As Indigenous author Ambelin Kwaymullina wrote in a recent guest post, ‘The stories that people read about us matter, especially because, for many non-Indigenous people, stories are all they know of us.’ It’s important that we read the stories of Indigenous women not only to gain an understanding of their lives, but also because readers’ consumption of such stories finances the production of many more, in turn creating even greater awareness of and respect for Indigenous culture. Ambelin also offered five reviews of books by Indigenous women writers, and her post and these books are a fantastic read.
Over August and September, participants in the AWW challenge continued to read and think about the characters, themes, structure and politics of books by Indigenous women writers. Jane of GoodReads reviewed Ambelin’s speculative fiction novel, The Interrogation of Ashala Wolf, and loved it. She was ‘particularly impressed by the structure, which allowed the story to completely turn on its axis about one-third of the way in. It was clever, and it worked logistically and emotionally. The reader is left to figure things out for themself, but never left hanging, unsure of what happened.’ In the very best recommendation for a book, Jane writes, ‘When I finished it I wanted to rush to the library for book two (the library was shut).’ Oops!
Maree of GoodReads picked up Marie Munkara’s novella A Most Peculiar Act, which is set in Darwin in WWII and uses a short extract from the Aboriginal Ordinances Act of 1918 to introduce each chapter. Maree described this structure as ‘an ingenious way to weave the harsh facts, and point out the peculiarities (or rather injustices) that ruled the lives of Aboriginal people forced to live under the Act, and ones like it, throughout most of Australia in the twentieth century.’ While she felt the writing was uneven at times, she also found the book had many positives, including ‘an original voice, great structure, some laugh out loud moments and some strong passages.’
Anita Heiss’ latest novel Tiddas was reviewed by Faith of Beyond the Dreamlines. Faith was delighted that ‘Tiddas is speckled with affectionate references only a Brisbanite would really get, giving it a very strong sense of place. It’s also wonderful to read a book in which Aboriginal culture, and Aboriginal characters, are given such prominence.’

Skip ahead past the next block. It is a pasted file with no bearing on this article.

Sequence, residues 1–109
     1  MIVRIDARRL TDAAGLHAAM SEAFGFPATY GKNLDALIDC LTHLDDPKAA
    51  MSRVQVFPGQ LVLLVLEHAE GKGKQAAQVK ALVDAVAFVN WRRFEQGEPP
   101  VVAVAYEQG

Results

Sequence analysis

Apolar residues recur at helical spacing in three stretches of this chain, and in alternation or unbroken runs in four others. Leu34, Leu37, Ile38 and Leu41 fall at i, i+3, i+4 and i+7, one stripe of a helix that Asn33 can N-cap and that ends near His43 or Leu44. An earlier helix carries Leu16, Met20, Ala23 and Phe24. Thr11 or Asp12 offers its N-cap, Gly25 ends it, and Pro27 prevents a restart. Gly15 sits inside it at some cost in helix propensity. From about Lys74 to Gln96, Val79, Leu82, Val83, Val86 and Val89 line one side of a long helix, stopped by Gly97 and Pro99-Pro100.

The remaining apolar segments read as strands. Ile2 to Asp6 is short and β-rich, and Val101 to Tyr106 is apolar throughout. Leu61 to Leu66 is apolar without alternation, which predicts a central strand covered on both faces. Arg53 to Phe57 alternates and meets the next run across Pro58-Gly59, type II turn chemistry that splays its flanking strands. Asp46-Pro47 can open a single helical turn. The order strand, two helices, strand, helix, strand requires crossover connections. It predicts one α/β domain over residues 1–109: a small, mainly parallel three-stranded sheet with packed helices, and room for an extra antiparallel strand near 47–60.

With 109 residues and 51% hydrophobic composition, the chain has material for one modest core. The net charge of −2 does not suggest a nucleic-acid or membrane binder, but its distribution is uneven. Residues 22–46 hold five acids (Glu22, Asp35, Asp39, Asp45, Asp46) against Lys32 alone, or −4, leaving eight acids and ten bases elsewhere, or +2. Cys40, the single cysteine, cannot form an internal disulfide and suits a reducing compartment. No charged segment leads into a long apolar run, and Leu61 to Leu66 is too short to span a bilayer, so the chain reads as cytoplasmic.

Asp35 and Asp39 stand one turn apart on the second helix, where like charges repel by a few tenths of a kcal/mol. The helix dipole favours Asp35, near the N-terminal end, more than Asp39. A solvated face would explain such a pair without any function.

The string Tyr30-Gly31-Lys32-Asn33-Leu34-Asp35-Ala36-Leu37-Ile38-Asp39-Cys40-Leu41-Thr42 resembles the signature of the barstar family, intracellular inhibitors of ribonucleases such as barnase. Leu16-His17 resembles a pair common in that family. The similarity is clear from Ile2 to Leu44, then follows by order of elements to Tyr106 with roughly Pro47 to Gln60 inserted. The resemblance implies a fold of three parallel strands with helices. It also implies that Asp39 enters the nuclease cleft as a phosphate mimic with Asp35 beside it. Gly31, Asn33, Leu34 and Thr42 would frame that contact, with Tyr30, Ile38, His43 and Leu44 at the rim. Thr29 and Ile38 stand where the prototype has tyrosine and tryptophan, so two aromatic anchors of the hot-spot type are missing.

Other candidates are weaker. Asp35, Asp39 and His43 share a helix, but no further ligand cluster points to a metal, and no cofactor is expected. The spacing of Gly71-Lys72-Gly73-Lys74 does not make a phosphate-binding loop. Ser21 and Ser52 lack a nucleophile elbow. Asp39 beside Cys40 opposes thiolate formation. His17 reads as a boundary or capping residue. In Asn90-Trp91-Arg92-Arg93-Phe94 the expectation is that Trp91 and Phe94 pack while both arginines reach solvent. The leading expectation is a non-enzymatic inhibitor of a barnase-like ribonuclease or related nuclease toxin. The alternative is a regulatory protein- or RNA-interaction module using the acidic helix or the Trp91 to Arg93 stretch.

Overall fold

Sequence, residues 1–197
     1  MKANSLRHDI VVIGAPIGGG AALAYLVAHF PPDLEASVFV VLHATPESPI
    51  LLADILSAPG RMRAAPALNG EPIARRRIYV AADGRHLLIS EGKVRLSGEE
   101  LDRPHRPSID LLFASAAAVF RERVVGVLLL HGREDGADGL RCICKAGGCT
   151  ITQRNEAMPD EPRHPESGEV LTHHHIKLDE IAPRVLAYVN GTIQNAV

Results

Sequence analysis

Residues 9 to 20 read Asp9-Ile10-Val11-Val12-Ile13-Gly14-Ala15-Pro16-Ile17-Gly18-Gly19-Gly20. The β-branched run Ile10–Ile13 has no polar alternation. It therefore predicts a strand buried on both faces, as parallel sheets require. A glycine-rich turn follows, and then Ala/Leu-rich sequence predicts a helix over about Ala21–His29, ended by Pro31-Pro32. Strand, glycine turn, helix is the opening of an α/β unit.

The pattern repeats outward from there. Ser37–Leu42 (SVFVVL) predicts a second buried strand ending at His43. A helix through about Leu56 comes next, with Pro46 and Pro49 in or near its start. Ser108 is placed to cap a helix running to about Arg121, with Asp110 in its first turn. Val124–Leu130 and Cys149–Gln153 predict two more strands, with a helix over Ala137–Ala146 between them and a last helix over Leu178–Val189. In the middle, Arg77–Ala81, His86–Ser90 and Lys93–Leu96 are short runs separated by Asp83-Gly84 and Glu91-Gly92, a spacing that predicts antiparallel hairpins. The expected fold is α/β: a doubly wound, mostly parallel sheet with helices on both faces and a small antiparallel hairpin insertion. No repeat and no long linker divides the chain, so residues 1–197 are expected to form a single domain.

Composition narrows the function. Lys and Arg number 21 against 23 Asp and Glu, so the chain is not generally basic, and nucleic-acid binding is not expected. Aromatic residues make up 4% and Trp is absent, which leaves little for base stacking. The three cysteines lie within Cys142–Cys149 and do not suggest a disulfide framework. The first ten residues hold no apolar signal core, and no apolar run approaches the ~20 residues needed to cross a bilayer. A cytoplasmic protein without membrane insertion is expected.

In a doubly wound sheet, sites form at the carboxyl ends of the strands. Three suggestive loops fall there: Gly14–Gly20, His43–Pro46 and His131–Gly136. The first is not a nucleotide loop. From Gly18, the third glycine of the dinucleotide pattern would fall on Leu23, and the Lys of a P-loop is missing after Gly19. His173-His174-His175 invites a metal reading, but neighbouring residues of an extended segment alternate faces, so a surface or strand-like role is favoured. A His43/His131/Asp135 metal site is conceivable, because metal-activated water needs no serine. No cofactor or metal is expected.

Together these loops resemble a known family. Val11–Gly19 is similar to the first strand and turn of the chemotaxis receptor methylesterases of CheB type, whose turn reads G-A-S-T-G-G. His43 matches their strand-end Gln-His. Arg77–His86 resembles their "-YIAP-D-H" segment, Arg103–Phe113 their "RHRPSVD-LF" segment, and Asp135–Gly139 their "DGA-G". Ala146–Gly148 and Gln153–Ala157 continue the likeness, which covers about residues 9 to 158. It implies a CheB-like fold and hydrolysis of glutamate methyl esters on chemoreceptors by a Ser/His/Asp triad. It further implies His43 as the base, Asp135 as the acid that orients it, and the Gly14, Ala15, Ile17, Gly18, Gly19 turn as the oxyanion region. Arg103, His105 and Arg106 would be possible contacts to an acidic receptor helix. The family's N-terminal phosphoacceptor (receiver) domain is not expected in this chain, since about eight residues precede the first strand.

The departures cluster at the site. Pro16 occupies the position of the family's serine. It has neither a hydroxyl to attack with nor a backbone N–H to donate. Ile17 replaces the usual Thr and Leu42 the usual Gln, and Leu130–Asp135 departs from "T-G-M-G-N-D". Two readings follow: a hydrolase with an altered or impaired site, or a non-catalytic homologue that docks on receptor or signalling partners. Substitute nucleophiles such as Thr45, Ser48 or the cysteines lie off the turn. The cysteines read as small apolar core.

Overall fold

Nalini of DarkMatterZine posted on an interview with Anita about her novel at the Melbourne Writers Festival, revealing Anita’s motivations for and crafting of her work. Nalini also posted on queer author Hannah Kent’s interview with Bethany Blanchard at the Melbourne Writers Festival, describing Kent’s fascinating research process and search for a voice: ‘There was no room for Agnes to tell her story. Agnes needed her own language to tell her story as an outsider. Agnes employs body-centric, lyrical, deep-seated language, telling her story outside the dominant language-form.’ It’s a recovery project akin to Clare Wright’s The Forgotten Rebels of Eureka (which tells the story of the women at the Eureka stockade), but uses fiction rather than history.
A good number of reviews featured books by Australian women writers of diverse heritage. Marilyn of Me, You and Books reviewed Filipino-Australian author Merlinda Bobis’ Banana Heart Summer, a work about a girl growing up in the Philippines in poverty. ‘As in her other books,’ Marilyn writes, ‘Bobis blends the imaginary and symbolic with concrete bits of reality. Perpetually hungry, Nenita fills her story with recipes and descriptions of food.’ These act as a vehicle for commenting on the characters, including the protagonist and, ‘underneath the banana hearts and coconut milk, we see her own need not just for food, but for love.’
Maree of GoodReads reviewed Lily Brett’s Lola Bensky. Brett is the daughter of Holocaust survivors, and Maree found that the power of her writing lies in ‘the juxtaposition of the ordinary, even banal, with the horror of inhumanity. I imagine that this is what it must be like to grow up in the shadow of such overwhelming grief, and it adds a poignancy to Brett’s writing that pulls me in time and again.’
Rochelle of Inside My World enjoyed Su Dharmapala’s The Wedding Season, about happily single Shani whose mother is desperate for her to wed. Like an Indian version of Tiddas, this book focuses on female friendship, and Rochelle ‘felt as though I was part of [the friends'] inner circle, sharing their lives with them.’ She was also impressed that she didn’t see the plot twist coming, and thought it was ‘so great to see the representation of an Australian group that you don’t see much of in fiction.’ I think so too!
And if you’d like to read up on books by Australian women writers with disability, you can find a swag of them in last month’s focus, summarised in my post. I was so happy with the reviews and guest posts written for this focus that I bounced into October with a spring in my step. At this rate, you’ll have me skipping to the end of the year!
I’m Jessica White, a novelist and researcher, and I’ve been deaf since age 4 when I lost most of my hearing from meningitis. I have a PhD from the University of London and have published two novels with Penguin, A Curious Intimacy (2007) and Entitlement (2012). I’ve recently received funding from the Australia Council’s new Artists With Disability program to write my third novel, The Sea Creatures. You can find more information about me at my website. I’m also on Twitter@ladyredjess.